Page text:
A few days after my ankle flare inducing adventures, I was ready for more. My ankle hadn’t exactly stopped bothering me, however I was feeling confident that I could handle the remaining pain and also, holidays don’t go forever just because you need more time to recover. Sometimes, it’s go adventuring now or miss out completely, so I employed a little bit of that desperation that I wrote about not too long ago.
Kettering just happens to be the gateway to Bruny Island, we could actually see the ferry from our perfect little cottage. It would have been just plain silly to not have taken it at all during our time there and so, we drove aboard. Bruny Island turned out to be one of my most favourite adventures of the entire trip.
Thumbs up for being on a boat!
Bruny Island is magical. It’s one island, but it’s kind of two islands connected by a neck, which is a little bit like the conjoined twins of islands, which is delightfully rare and special because islands don’t have to deal with life threatening medical issues.
The island isn’t really that big, however you can drive around and enjoy a heap of gorgeous and contrasting views of nature and the ocean. From idyllic bays to hazardous surf, plus some fun almost-four-wheel-driving tracks to follow and my most favourite discovery of all…wild quolls. More on those later.
This blurry-thumbed-gorgeous-water picture is from the north west side of the island. North Bruny is smaller and less adventure-filled than South Bruny. We drove around in a loop along the dirt road closest to the coast line and vehemently envied all of the people that live there. There were farm houses there that basically had their own bays, beaches and cliffs, surrounded by their own paddocks and bush. Want.
There are a lot of hiking opportunities on Bruny that I would love to be able to explore, however CRPS means that I have to choose when and where to use my steps carefully. So, I chose to use some at these stairs, which was difficult and painful, but so very satisfying.
That’s the neck between the two parts of the island behind me. I’d never seen anything quite like it. The right side was a quiet bay and the left side had these awesome crashing waves that made me want to dive right in despite the horrific consequences that I’m sure would have followed such a leap.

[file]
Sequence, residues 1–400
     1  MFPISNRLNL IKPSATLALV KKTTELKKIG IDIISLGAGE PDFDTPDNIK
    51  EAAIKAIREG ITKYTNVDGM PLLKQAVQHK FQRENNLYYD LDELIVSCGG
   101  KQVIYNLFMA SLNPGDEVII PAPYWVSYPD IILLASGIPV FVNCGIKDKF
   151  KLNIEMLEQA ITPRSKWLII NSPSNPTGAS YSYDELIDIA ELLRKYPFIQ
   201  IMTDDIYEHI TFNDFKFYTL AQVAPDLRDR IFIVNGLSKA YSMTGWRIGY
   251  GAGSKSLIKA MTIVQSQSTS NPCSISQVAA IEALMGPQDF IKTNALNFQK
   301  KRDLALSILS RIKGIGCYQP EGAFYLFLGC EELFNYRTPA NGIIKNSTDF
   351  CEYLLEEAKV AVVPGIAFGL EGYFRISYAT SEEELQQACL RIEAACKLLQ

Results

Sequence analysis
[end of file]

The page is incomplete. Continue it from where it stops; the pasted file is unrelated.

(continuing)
Continuing south, we couldn’t help but stop and pick up some Bruny Island Fudge, which is probably one of the most amazing things that people have ever made out of sugar. Mmm, rare local fudge.
The next stop was Adventure Bay, which is famous on account of Captain Cook landed there once. It’s one of the prettiest places that I’ve ever seen, I can see why he stopped. It had started raining when we got there, so we didn’t explore on foot, however we did pick up some lunch and then stopped to eat and were treated to this amazing view that just about made me lose my shit. I might have been channeling the internet famous double rainbow guy.
Fuelled by coffee that was served in a greenhouse cafe (genius, it was freezing and greenhouses are lovely and warm) we continued our driving adventure for as long as we could in one day. You don’t exactly want to try to go too far or get too lost on an island as missing the last ferry back to the mainland means that you’re staying the night whether you planned to or not.
We drove past some tiny and very old towns, then stopped in at Australia’s southern most winery and did not leave empty handed because delicious. A little bit of wine and all of a sudden my pain from being in the car all day was easier to tolerate. Magic!
Our last intended destination was Cloudy Bay, which was special and spectacular. Rows and rows of breaking waves that looked like they’d just love to break a body in half, given a chance (some hardcore surfers that were camping nearby seemed happy to take that risk, oh, to have enough health to gamble with…*starry eyes*). Cloudy Bay also had a rich history of being a meeting place for several aboriginal tribes that once lived in the area. You know, before primitively ignorant white people showed up and did disgustingly awful things to them that I can’t talk about on account of it’s too horrifying.